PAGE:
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This Week in Cell: Jul 1, 2015

University of Toronto researchers report on findings from a single-cell imaging study aimed at untangling the dynamics of protein profusion and localization in the budding yeast model organism Saccharomyces cerevisiae. Using high-throughput microscopy and automated computational and genetic approaches, the team followed protein localization patterns in a set of yeast strains that each contained a different gene fused to the green fluorescent protein-coding sequence. The approach made it possible to map thousands of proteins over time in tens of millions of individual yeast cells under different conditions, the study's authors report.

Members of the Cancer Genome Atlas Network present cutaneous melanoma classification schemes based on integrated genome, exome, and RNA sequences, along with proteomic patterns, methylation profiles, copy number patterns, and so on. Based on data for 333 primary or metastatic tumor samples from 331 individuals with cutaneous melanoma, the team described four genomic subtypes: BRAF-mutant, RAS-mutant, NF1-mutant, and triple-wild type melanoma. The researchers also saw subsets of tumors containing transcripts associate with T-cell immune activity, which appeared to herald somewhat better survival outcomes. GenomeWeb has more on the study, here.

The Broad Institute's Pardis Sabeti and colleagues from the US, Scotland, Sierra Leone, and elsewhere sequenced and assembled more than 230 Ebola virus genomes using samples collected from patients in Sierra Leone between mid-June 2014 and January 2015. When they compared the Ebola viruses sequenced during this seven-month stretch with dozens of EBOV genomes sequenced from an earlier stage of the outbreak, the researchers got a look at transmission patterns and genetic variation within individual patients over time. The team also characterized features of the virus' evolution, including viral features that appear to stem from purifying selection pressures. For more on this and other Ebola virus research, check out this article published at GenomeWeb last month.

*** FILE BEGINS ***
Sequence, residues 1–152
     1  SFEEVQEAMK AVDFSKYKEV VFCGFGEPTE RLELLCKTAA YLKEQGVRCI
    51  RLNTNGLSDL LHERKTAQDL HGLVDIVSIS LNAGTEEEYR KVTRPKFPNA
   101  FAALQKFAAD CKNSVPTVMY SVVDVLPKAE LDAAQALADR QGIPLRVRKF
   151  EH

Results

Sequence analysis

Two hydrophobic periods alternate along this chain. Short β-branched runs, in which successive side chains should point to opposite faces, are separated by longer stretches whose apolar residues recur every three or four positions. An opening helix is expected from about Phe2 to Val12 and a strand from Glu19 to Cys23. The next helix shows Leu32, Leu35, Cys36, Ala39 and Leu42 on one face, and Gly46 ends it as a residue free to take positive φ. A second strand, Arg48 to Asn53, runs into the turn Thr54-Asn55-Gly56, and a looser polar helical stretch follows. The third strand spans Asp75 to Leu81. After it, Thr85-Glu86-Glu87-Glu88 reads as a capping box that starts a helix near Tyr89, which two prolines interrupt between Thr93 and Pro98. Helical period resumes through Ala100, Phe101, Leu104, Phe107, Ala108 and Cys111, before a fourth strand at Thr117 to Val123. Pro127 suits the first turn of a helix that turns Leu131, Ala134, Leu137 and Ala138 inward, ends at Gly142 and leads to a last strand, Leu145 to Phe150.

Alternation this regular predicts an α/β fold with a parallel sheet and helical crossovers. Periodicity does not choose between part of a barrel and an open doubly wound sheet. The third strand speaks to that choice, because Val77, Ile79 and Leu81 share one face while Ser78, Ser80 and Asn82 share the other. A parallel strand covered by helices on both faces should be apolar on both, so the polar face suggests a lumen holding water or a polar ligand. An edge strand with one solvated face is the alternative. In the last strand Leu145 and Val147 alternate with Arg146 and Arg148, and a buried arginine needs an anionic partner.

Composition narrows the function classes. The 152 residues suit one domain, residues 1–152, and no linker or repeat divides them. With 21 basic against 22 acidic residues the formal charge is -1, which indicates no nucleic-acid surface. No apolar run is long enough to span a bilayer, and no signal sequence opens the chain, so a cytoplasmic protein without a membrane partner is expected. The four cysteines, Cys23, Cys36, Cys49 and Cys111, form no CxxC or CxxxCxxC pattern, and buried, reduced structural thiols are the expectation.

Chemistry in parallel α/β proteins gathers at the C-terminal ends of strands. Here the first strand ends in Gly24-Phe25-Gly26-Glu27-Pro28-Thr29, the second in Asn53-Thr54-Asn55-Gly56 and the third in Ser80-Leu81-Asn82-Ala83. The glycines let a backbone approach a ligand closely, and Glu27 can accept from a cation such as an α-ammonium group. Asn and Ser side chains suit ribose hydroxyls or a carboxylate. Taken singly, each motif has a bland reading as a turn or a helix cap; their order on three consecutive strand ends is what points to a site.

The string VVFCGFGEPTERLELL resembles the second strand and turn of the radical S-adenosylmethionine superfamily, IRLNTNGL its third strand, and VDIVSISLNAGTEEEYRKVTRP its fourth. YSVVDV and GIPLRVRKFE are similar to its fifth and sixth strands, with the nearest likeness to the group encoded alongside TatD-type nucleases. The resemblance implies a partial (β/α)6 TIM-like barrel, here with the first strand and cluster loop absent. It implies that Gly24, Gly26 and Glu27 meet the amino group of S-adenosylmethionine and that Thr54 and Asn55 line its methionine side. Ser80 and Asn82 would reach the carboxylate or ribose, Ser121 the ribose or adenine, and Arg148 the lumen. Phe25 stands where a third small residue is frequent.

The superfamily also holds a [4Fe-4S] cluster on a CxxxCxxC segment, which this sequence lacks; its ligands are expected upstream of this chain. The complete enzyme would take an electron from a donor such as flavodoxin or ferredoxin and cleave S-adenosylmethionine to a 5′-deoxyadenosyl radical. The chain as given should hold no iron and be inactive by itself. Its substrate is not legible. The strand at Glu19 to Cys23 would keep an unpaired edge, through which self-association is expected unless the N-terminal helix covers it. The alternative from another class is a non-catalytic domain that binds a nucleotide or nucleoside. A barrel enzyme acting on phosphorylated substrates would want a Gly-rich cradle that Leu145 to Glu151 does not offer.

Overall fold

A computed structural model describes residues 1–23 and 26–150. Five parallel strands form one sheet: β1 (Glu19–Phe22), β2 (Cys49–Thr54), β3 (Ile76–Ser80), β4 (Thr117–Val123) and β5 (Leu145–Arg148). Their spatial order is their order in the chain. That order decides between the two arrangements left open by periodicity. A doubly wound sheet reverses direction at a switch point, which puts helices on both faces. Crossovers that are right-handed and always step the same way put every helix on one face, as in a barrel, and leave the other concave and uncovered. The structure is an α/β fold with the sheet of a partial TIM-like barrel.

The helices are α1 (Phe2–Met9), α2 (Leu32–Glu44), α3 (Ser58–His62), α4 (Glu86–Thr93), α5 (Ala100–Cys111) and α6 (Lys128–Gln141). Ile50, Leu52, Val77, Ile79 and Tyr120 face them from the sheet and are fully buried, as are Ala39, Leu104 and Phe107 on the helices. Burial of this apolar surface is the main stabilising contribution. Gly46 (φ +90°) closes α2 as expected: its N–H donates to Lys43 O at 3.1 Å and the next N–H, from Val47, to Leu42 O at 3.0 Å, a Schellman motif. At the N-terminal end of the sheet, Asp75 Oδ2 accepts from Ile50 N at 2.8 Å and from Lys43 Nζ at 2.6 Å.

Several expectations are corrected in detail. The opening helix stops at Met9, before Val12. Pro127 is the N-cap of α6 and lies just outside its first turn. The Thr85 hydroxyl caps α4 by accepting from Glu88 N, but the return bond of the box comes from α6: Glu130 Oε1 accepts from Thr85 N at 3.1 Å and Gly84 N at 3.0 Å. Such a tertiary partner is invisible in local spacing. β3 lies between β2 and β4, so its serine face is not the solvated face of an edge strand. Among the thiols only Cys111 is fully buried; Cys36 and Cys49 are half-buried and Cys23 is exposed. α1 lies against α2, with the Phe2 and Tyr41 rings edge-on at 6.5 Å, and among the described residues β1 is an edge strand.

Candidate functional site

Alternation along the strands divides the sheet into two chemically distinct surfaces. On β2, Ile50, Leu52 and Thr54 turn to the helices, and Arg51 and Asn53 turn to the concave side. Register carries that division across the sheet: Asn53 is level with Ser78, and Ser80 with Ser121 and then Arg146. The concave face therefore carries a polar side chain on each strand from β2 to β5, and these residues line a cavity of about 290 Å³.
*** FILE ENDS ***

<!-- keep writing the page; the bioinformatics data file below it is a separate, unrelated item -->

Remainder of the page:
The Scan

Machine Learning Helps ID Molecular Mechanisms of Pancreatic Islet Beta Cell Subtypes in Type 2 Diabetes

The approach helps overcome limitations of previous studies that had investigated the molecular mechanisms of pancreatic islet beta cells, the authors write in their Nature Genetics paper.

Culture-Based Methods, Shotgun Sequencing Reveal Transmission of Bifidobacterium Strains From Mothers to Infants

In a Nature Communications study, culture-based approaches along with shotgun sequencing give a better picture of the microbial strains transmitted from mothers to infants.

Microbial Communities Can Help Trees Adapt to Changing Climates

Tree seedlings that were inoculated with microbes from dry, warm, or cold sites could better survive drought, heat, and cold stress, according to a study in Science.

A Combination of Genetics and Environment Causes Cleft Lip

In a study published in Nature Communications, researchers investigate what combination of genetic and environmental factors come into play to cause cleft lip/palate.